Why did I research this?
Yes, questions encourage curiosity and thinking but if I receive 50-150 questions an hour and I try my best to answer some of them, am I really encouraging my child to think for himself? “How far does rain travel?” “How many beaches would a tsunami wipe out?” “Who made up words?” “What comes after the number one billion, five hundred million and six?” Arghhhh… I know you need information but ‘m so tired of questions!
What did I find out?
Encouraging children to use sources from outside the home will give them the chance to explore the answers for themselves first. (Faber and Mazlish).
“Why is my rabbit so sleepy all the time? Is it sick?”
“Hmm, I wonder if the vet would have any suggestions?’
“Why do other children not have to wear a helmet when they are on their bikes?”
“You wonder why other children don’t have to wear helmets and you wish you didn’t have to wear one.”
“I wonder what a policeman or an ambulance officer would say about that?”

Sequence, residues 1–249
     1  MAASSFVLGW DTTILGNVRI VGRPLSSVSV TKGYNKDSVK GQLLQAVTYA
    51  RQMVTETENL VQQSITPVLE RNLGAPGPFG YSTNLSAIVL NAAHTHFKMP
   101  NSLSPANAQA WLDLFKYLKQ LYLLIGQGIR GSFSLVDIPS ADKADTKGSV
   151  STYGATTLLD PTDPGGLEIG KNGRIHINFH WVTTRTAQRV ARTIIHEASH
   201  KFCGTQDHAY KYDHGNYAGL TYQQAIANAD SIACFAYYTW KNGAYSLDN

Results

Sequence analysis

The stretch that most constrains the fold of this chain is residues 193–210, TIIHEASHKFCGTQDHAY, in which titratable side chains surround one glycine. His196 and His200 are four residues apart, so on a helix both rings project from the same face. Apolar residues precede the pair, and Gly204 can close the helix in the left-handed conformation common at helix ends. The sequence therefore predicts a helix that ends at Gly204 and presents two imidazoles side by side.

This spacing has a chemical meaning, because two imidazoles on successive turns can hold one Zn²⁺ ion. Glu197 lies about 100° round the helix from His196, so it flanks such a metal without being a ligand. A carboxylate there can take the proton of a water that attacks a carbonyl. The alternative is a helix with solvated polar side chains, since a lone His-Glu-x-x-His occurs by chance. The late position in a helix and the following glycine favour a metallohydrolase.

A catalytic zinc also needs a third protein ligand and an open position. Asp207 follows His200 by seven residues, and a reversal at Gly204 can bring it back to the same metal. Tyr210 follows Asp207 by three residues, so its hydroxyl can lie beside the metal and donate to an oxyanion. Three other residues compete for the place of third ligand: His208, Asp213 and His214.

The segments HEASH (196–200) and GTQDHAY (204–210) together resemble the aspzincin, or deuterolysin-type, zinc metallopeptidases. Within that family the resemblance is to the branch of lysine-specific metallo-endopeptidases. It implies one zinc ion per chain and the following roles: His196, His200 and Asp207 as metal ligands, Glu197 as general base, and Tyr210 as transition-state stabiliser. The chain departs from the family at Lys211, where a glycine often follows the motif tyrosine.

Not rushing to give the answer can help your child to rely on himself rather than upon us.
“How do you make trees?”
“You wonder about how trees are made… What do you think?”
“Why is self raising flour called self raising flour?”
“That’s an interesting question. Why is it called ‘self raising’. Why do you think it has those words, ‘self’ and ‘raising’?”
Of the questions that are answered for children, new words and new concepts can be acquired. Information given to questions will build language and curiosity but a combination of both will encourage autonomy and build language and curiosity.
FYI – Children have approximately 292000 opportunities to learn new information through questioning before they are five.
What about the questions you want to ask as a parent?
You haven’t seen your child all day and you have tonnes of questions. There are ways to ask questions so that you get an answer but sometimes this abundance of questions can be experienced as an invasion of one’s private life. Children will talk when they want to talk.
Have a try at answering in different ways to questions to encourage autonomy, create a question box and answer them all at once, create a question wall and teach your child how he can find some of the answers with you or by himself, use your neighbours and the experts around you to help your child learn to draw on the information from others.
The info from this article comes from Faber and Mazlish (1980). How to talk so kids will listen and listen so kids will talk. New York: Harper Collins and How Kids Learn (2015), retrieved from http://www.abc.net.au/radionational/programs/bigideas/how-kids-learn/6999332